The SDGs: a transformatory challenge for NGOs
The new SDG Framework – or the global goals as we are encouraged to call them – provide both an opportunity and a challenge for NGOs. Of course, there will be lots of pet topics represented, and every NGONon-governmental organisation will find a hook on which to hang its pitch to the public and to donors. One problem is that there may be too many hooks, encouraging individual NGOs to spread themselves too thinly. More interestingly, though, the new Global Goals challenge NGOs to think in an integrated way about the goals as a whole. Perhaps an entirely new approach will be needed?
I had this dilemma in mind as I travelled to Cologne to speak to the marketing and communications specialists of the global Fairtrade movement. This movement brings together three producer networks, 25 Fairtrade organizations, Fairtrade International, and FLOCERT, the independent certification body of the global Fairtrade system. It has been astonishingly successful in creating links between producers and consumers: 1.5 million farmers and workers, generating nearly 950 million euros in producer revenue from sales, and an additional 95 million euros in premium paid to producer organisations, to invest in economic or social infrastructure. In the UK alone, retail sales of Fairtrade certified products in 2014 amounted to £1.74 bn, and the premium paid to £25m.
The global goals are famously wide-ranging and comprehensive (Figure 1). The fair trade movement does not need any lessons from me on how to engage with the individual goals. On 14 October, just a couple of weeks after the SDG Summit in New York, they published a report entitled ‘Sustainable Development Goals and Fairtrade: the case for partnership’. This identified the key action points for Fairtrade as in Figure 2, identifying 7 entry points of special interest to small farmers and workers around the world.
The new Global Goals
Entry points for fair trade in the new global goals.
What, then could I add? I decided to make three points.
First, the context for fair trade is complicated. There are significant commercial pressures in most consumer markets, pushing down consumer prices and making premium payments less easy to secure. The commodity ‘super-cycle’ has come to an end, with a negative impact on the international price of some core fair trade commodities. Sugar cane from ACPAfrica, Caribbean and Pacific origins presents particular problems because of changes to the EUEuropean Union trade regime, but also because of increased focus on the role of sugar in causing the epidemic of obesity. At the same time, the development context is changing, with tight aid budgets more narrowly focused on fragile states and humanitarian problems (including, in Europe, spending on refugees). Public opinion remains quite variable, with strong support for development in some countries, but less in others, and with support for the idea of paying more for fair trade products also variable. In Europe, for example, as Figure 3 shows, Eurobarometer surveys show that support for fair trade is concentrated in the north-west part of the EU.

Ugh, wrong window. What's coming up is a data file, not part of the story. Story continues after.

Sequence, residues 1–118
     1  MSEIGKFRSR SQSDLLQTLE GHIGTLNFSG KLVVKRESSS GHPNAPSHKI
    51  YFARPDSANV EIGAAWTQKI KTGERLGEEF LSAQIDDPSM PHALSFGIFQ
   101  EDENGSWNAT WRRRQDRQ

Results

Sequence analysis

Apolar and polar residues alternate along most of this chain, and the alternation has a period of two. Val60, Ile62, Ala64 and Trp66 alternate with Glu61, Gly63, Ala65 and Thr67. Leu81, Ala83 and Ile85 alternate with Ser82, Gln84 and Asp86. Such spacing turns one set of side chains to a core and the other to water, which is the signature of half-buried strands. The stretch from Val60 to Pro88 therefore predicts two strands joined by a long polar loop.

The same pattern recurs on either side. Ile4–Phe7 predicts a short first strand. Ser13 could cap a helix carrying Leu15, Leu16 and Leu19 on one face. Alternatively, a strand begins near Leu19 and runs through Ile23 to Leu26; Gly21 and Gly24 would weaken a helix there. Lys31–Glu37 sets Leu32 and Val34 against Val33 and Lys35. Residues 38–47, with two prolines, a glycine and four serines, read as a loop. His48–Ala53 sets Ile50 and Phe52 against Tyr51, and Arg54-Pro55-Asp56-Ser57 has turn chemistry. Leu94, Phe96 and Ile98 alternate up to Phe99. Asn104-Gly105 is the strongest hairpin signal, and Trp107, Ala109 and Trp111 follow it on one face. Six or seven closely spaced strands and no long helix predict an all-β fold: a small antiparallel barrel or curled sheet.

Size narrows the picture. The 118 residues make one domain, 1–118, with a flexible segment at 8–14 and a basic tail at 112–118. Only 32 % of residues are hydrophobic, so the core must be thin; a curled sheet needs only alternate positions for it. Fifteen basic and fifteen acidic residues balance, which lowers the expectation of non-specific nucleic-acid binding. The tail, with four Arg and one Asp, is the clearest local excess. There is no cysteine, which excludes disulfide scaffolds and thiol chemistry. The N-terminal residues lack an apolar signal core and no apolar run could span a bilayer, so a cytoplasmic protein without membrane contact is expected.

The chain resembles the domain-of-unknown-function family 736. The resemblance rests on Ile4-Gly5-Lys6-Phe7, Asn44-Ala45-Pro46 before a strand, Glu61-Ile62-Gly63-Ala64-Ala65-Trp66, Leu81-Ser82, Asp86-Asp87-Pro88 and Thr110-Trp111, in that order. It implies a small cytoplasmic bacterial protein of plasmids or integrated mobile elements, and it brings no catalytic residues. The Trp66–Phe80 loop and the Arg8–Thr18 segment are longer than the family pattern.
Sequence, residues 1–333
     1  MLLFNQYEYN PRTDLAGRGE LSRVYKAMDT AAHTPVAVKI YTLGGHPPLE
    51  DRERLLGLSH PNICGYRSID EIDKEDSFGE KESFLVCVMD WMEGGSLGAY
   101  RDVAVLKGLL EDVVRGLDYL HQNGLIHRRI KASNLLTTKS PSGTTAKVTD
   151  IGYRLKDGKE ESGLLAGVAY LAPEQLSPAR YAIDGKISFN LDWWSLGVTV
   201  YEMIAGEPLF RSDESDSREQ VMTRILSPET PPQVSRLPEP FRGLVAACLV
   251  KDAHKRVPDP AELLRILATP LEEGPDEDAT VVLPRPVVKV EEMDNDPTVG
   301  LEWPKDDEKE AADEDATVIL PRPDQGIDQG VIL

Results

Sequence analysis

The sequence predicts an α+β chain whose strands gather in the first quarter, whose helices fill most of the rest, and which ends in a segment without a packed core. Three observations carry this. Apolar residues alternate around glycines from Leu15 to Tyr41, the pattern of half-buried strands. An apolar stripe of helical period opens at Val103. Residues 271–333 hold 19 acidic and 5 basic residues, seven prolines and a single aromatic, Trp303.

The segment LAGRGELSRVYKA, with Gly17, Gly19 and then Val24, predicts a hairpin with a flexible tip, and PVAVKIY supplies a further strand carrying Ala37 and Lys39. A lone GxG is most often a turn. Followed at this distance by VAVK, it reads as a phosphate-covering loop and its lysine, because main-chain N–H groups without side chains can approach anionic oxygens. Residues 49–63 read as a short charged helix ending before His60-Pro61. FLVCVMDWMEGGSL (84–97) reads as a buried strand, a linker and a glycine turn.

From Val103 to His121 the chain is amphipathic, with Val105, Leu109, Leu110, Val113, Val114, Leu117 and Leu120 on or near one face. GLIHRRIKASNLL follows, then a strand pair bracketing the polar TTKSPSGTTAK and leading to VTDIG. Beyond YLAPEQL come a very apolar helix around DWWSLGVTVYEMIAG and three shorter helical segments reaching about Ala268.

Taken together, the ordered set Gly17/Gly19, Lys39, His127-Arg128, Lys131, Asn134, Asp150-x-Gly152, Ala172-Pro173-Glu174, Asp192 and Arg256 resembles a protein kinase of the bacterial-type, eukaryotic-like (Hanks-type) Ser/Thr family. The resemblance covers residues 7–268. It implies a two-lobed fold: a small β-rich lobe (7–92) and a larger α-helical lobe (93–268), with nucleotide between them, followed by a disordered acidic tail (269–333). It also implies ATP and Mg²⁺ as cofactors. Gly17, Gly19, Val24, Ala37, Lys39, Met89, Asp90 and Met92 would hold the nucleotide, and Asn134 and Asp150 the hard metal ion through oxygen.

Support for fair trade in EUEuropean Union countries
On the more positive side, aid donors have a renewed interest in growth, in trade, and in aid for trade. The new EU trade strategy, published on 14 October, is an example. It talks specifically about fair and ethical trade, saying that
‘Policymaking needs to be transparent and the debate needs to be based on facts. Policymaking must respond to people’s concerns with regard to the EU’s social model. The Commission must pursue a policy that benefits society as a whole and promotes European and universal standards and values alongside core economic interests, putting a greater emphasis on sustainable development, human rights, tax evasion, consumer protection, and responsible and fair trade.’
Specifically, the EUEuropean Union Commission promises action as in Figure 4.
EU commitments on fair and ethical trade